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Facts about Bipolar Depression

Bipolar disorder, or manic depression as some people call it, is a very frightening condition to live with. The symptoms of this disorder can be harsh, they can come and go rapidly and they can lead to mood swings that are on complete opposite ends of the spectrum.

Bipolar depression is the particular swing that can present some of the most problems for those who suffer from the condition.

To understand bipolar depression, it's a very good idea to have a basic grasp on this condition in its entirety. Those who suffer from this condition tend to endure very extreme mood swings. Manic behavior is on one end of the spectrum and depressive the other.

The swings are not caused by a desire to get into trouble. They are not caused by a psychological problem, per say. Rather, the root of this medical phenomena is an imbalance of neurotransmitters in the brain. When these chemicals are out of whack, behavior can be, as well.

While both phases of bipolar disorder can cause very real, very lasting problems for those who suffer from the disorder, it is the depressive phase that can be the most troubling. This is so for a number of reasons.

First off, bipolar depression is generally the phase that causes misdiagnosis. Doctors recognize the depressive symptoms and fail to recognize the manic ones. This means a person suffering from this very real, very biological condition is more likely to be treated for the single phase, rather than the entire disorder.

Make no mistake, however, the blame doesn't necessarily fall entirely on the doctors. It is possible the patients and their family members, too, fail to connect the manic episodes with the depressive ones. This can mean a doctor is forced to treat a patient with only half of the picture to go on.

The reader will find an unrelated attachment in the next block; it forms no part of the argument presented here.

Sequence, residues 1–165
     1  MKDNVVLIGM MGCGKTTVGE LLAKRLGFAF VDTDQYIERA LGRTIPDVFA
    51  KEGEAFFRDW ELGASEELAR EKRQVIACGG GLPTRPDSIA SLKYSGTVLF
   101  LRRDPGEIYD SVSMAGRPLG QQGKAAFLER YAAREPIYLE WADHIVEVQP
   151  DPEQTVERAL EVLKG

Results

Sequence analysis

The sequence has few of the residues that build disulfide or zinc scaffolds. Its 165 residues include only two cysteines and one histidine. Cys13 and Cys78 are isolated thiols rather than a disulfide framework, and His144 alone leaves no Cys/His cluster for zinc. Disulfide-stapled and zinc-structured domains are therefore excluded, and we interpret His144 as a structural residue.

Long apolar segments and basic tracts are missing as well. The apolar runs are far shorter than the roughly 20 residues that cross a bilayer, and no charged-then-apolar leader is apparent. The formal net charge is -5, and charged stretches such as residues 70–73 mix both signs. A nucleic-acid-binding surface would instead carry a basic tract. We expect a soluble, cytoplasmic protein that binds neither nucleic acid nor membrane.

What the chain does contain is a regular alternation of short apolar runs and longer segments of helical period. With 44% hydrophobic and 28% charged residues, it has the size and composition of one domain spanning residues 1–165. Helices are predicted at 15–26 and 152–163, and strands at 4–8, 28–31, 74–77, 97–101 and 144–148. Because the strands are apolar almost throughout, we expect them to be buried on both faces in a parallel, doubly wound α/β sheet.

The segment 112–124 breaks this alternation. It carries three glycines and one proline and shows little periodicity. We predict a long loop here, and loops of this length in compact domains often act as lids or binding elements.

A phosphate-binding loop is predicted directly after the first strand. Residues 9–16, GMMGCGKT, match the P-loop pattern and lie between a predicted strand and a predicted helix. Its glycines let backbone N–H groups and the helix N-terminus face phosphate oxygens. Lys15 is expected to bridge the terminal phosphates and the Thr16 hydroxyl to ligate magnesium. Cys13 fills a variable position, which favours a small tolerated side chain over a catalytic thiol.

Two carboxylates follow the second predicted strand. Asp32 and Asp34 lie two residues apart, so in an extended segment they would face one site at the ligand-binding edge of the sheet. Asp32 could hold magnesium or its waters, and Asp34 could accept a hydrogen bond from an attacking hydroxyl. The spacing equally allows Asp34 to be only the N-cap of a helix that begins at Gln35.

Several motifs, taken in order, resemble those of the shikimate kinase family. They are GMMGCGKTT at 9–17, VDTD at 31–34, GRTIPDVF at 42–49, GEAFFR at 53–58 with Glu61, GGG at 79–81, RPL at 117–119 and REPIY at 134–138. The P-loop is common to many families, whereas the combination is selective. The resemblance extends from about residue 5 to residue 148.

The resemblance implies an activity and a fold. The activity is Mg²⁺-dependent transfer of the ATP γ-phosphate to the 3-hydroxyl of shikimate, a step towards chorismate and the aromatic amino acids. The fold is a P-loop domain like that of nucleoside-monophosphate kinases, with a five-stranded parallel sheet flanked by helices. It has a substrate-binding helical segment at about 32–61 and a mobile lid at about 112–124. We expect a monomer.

Since this condition involves a chemical imbalance, the medications used to treat depression might not always be helpful. A careful management of bipolar disorder needs to be present to help ensure a patient leads as close to a normal life as possible.

The second major reason bipolar depression is a big problem is the symptoms themselves. Often mirroring true, clinical depression these symptoms can range from loss of appetite and fatigue to feelings of helplessness, sadness and guilt. It is even possible that thoughts of death and suicide will be present and even acted on. The suicide rate for untreated bipolar depression is higher than many might think.

The depressive phase can also be misidentified as nothing more than "the blues." Since the bipolar patient can go through such extreme mood swings, it can be very difficult for the person suffering and those around them to take the depressive state and recognize it for its seriousness.

Living with manic depression requires very careful management. While there is no known cure for the condition, there are treatments that can help keep its most troublesome symptoms in check. When the disorder is properly treated, the signs of bipolar depression and even the manic phases are kept well under wraps in most cases.

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